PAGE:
Even if a person has aged beer, he may act with guile and [prepare fresh beer to] drink, for the guile of this act would not be noticeable to an observer. The same applies in other similar situations.
Whenever labors that are necessary for the festival are performed [during Chol HaMo'ed] by professionals, they must be performed in a private manner. What is implied? Hunters, millers, and grape-harvesters, whose intent is to sell their products in the marketplace, must perform these activities in a private manner for the sake of the festival. If these activities are not performed for the sake of the festival, [the products] are forbidden. If they perform these activities for the sake of the festival and the products remain afterwards, they may be used.
We may perform [any labors that are] necessary for the sake of the community at large during [Chol Ha]Mo'ed.
What is implied? We may fix breaches in waterworks in the public domain; we may fix the highways and the roads; we may dig cisterns, trenches, and grottos for the public; we may dig rivulets so that they will have water to drink; we may store water in cisterns and grottos belonging to the public and may fix the cracks [in their walls]; we may remove brambles from the roads; and we may measure mikvaot. When the amount of water in a mikveh is lacking, we may direct water to it to complete its measure.
The agents of the court may go out to declare ownerless fields that contain a mixture of species. We may redeem captives [taken by gentiles], endowment evaluations, entitlements, and consecrated articles.
We may have a woman suspected of adultery drink [the required mixture], we may burn a red heifer, we may break the neck of a calf, we may pierce the ear of a slave, and we may purify a leper. We may also designate the site of graves whose markings were washed away by rain, so that the priests will not walk there. All these are activities necessary for the community at large.
Similarly, we may judge monetary disputes, cases involving the punishment by lashing, and capital cases during [Chol Ha]Mo'ed. When a person does not accept a judgment, a ban of ostracism may be issued against him during [Chol Ha]Mo'ed. Just as cases may be judged during [Chol Ha]Mo'ed, we may write court documents and any similar articles during [Chol Ha]Mo'ed.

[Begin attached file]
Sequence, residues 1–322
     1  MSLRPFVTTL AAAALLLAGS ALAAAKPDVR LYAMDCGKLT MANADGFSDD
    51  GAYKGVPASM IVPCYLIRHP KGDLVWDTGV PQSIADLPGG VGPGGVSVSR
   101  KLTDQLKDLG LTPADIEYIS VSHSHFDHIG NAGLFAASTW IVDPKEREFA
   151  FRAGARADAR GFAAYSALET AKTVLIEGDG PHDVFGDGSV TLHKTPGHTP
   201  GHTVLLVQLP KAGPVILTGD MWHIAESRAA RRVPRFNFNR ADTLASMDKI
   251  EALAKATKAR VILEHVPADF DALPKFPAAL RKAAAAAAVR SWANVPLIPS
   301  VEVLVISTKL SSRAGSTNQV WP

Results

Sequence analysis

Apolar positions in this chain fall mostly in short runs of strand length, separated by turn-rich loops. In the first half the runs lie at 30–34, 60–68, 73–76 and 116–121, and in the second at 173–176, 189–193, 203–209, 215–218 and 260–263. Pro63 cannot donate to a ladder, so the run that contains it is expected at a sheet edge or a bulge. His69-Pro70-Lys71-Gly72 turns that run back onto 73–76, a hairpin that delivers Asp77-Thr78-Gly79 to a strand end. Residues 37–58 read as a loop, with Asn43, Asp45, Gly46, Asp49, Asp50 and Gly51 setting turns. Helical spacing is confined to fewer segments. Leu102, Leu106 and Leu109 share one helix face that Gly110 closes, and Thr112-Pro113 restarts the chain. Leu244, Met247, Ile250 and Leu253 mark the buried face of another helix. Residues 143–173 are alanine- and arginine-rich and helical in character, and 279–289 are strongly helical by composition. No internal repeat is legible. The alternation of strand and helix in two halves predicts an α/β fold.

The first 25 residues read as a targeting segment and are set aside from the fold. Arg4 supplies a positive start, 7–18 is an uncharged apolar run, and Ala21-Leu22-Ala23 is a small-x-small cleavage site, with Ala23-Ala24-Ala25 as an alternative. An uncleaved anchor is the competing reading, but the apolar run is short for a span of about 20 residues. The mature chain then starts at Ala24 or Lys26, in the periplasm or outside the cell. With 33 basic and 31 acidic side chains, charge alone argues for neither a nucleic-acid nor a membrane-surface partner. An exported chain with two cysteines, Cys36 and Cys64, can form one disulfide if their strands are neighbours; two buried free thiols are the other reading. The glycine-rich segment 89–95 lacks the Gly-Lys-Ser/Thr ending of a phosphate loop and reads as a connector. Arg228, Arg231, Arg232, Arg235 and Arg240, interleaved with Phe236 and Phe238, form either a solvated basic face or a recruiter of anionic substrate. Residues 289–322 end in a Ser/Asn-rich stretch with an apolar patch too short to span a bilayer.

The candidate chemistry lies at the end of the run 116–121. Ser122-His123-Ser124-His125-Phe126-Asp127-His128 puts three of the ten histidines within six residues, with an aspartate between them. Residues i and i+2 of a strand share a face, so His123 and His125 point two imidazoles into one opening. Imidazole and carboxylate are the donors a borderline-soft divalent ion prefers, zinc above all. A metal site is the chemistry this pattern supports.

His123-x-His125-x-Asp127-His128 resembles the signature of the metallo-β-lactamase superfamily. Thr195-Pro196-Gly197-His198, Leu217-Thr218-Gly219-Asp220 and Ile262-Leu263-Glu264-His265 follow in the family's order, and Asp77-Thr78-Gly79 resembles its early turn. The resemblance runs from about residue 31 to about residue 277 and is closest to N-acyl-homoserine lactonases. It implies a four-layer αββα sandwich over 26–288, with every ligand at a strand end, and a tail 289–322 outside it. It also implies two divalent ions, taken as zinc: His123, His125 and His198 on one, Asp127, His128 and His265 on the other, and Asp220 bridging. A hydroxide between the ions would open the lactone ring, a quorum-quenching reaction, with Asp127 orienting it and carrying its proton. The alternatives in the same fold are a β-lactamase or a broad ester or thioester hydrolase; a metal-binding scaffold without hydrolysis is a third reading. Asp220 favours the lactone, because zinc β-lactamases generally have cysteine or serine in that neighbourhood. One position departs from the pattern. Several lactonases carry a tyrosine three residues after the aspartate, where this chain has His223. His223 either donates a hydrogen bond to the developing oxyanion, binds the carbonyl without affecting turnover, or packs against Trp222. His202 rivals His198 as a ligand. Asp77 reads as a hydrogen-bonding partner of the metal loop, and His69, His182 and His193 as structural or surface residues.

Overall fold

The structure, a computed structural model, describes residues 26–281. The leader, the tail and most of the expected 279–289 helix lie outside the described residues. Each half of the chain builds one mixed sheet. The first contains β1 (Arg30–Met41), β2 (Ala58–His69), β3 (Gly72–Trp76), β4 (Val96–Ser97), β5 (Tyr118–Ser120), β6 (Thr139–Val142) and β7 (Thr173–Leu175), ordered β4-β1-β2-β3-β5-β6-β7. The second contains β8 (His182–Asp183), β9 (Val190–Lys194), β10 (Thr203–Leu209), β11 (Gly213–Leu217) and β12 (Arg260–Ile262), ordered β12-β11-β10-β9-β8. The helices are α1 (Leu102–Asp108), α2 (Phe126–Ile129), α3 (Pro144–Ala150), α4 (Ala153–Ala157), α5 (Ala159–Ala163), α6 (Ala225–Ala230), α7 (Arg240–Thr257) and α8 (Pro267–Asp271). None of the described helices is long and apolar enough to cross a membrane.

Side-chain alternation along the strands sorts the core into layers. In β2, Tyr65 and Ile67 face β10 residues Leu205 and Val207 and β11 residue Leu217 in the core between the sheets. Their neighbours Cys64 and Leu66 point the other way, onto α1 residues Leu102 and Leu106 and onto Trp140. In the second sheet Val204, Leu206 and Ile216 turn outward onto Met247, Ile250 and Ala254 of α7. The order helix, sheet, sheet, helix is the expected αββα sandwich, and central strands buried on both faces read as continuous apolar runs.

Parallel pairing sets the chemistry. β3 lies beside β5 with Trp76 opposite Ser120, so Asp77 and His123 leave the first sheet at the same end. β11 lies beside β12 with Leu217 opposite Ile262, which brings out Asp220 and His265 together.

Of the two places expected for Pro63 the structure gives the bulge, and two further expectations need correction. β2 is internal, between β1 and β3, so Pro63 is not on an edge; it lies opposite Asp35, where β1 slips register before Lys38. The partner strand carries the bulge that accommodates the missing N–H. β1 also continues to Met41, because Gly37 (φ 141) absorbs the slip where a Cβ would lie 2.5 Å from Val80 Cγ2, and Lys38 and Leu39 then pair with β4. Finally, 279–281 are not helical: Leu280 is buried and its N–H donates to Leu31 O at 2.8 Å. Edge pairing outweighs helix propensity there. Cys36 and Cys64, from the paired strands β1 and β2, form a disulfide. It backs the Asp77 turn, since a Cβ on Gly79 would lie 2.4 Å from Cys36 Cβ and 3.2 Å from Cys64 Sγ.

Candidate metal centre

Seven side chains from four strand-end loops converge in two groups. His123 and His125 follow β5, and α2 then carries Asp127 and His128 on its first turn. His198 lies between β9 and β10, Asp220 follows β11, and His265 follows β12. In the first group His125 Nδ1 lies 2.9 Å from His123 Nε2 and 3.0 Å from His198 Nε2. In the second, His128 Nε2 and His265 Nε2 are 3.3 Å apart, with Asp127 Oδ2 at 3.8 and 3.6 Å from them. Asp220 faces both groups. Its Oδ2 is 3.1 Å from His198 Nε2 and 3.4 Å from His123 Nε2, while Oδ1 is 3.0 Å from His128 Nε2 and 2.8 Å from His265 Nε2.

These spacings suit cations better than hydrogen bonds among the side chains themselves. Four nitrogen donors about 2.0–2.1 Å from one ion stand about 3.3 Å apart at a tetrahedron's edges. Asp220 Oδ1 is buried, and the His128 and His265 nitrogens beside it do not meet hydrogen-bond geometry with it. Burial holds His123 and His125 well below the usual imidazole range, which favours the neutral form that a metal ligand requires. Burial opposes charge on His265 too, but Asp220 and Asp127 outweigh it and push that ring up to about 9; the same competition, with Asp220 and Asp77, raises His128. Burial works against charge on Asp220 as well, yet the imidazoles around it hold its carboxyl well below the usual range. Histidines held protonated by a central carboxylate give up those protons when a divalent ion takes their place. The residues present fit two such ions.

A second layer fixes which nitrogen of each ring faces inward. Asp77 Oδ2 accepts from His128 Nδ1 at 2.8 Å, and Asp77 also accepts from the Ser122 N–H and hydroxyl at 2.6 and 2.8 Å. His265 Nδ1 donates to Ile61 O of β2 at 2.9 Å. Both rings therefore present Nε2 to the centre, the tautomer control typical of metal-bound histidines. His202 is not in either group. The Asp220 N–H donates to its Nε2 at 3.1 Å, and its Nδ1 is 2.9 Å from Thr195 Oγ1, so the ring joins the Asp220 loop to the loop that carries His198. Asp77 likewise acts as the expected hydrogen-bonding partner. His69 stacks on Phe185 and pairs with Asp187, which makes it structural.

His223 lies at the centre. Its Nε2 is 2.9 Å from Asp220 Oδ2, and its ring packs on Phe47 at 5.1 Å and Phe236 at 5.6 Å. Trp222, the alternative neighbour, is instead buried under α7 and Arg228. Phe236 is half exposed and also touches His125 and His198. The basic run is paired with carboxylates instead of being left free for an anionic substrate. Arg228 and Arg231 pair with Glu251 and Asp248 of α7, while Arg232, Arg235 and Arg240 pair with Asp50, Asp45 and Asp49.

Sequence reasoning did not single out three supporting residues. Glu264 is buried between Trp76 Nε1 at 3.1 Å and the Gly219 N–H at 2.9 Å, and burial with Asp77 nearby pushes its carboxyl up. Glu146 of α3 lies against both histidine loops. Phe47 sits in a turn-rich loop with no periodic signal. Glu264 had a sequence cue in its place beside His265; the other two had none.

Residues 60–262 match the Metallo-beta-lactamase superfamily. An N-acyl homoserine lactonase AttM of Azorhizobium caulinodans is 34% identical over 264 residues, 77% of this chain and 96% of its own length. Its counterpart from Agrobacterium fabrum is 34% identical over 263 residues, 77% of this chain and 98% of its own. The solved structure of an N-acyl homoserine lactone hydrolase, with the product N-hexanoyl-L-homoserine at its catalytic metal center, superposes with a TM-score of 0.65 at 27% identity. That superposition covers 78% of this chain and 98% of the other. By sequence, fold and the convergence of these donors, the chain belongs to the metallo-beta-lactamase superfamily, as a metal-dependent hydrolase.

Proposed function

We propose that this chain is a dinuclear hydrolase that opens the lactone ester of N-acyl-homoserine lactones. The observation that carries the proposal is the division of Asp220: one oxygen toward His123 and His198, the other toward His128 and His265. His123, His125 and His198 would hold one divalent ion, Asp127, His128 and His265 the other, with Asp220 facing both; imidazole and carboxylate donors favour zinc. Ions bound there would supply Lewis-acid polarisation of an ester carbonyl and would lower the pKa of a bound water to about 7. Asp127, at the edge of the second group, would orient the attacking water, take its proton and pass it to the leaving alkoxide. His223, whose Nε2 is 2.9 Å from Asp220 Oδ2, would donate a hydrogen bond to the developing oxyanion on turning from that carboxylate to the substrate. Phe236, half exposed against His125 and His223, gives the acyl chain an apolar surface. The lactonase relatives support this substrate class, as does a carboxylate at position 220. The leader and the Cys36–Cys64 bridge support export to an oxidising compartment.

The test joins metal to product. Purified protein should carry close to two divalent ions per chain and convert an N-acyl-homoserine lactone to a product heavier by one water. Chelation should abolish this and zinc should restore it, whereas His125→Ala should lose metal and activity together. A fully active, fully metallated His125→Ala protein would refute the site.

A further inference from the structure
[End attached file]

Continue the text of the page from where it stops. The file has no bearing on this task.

What is implied? The judges may write an account of the evaluation of [a debtor's property] for his creditor, a statement of the property sold to feed a person's wife and daughters, and a bill of chalitzah and of miyyun. Similarly, we may write any legal document that the judges require to remind them - e.g., a record of the claims of the litigants, or a statement of the concessions they made - e.g., that so and so is acceptable [to testify regarding] my case, that so and so may serve as a judge.
When a person requires a loan and the lender will not grant him the loan on a verbal commitment alone, it is permitted to have a promissory note written. Similarly, a bill of divorce, a bill of marriage, a receipt [for payment of a debt], and a deed [recording a present may be written during Chol HaMo'ed], for all these resemble matters necessary for the community at large.
It is forbidden to write [professionally] during [Chol Ha]Mo'ed; this includes even Torah scrolls, tefillin and mezuzot. Nor may one check [the letters of a Torah scroll], not even a single letter in the scroll kept in the Temple courtyard, for this is not a labor that is necessary for the sake of the festival.
A person may, however, write tefillin or mezuzot for himself, or spin purple cloth for his garment. If he has nothing to eat, he may write and sell to others for his livelihood.
It is permitted to write social correspondence during [Chol Ha]Mo'ed. Similarly, one may make a reckoning of one's budget and costs. For a person does not take much care when writing these matters, and this is thus like the performance of a task by an ordinary person.
We may take care of all the needs of a corpse during [Chol Ha]Mo'ed. We may cut its hair, wash its shrouds, and make a coffin for it. If there are no boards available, we may bring beams and cut boards from them in a discreet manner inside a building. If [the coffin is intended for] an important person, it may be made in the marketplace.
We may not, however, cut down a tree from the forest to cut boards for a coffin, nor may we quarry out stones to build a grave.
We may not inspect leprous blotches during [Chol Ha]Mo'ed, lest the person be declared impure and his festival be transformed into a period of mourning.
We may neither marry, nor perform the act of yibbum during [Chol Ha]Mo'ed, so that the happiness of the festival will not be obscured by the happiness of the marriage. One may, however, remarry one's divorcee, and one may betroth a woman during [Chol Ha]Mo'ed, provided one does not make a feast for the betrothal or the wedding, so that no other rejoicing will be combined with the rejoicing of the festival.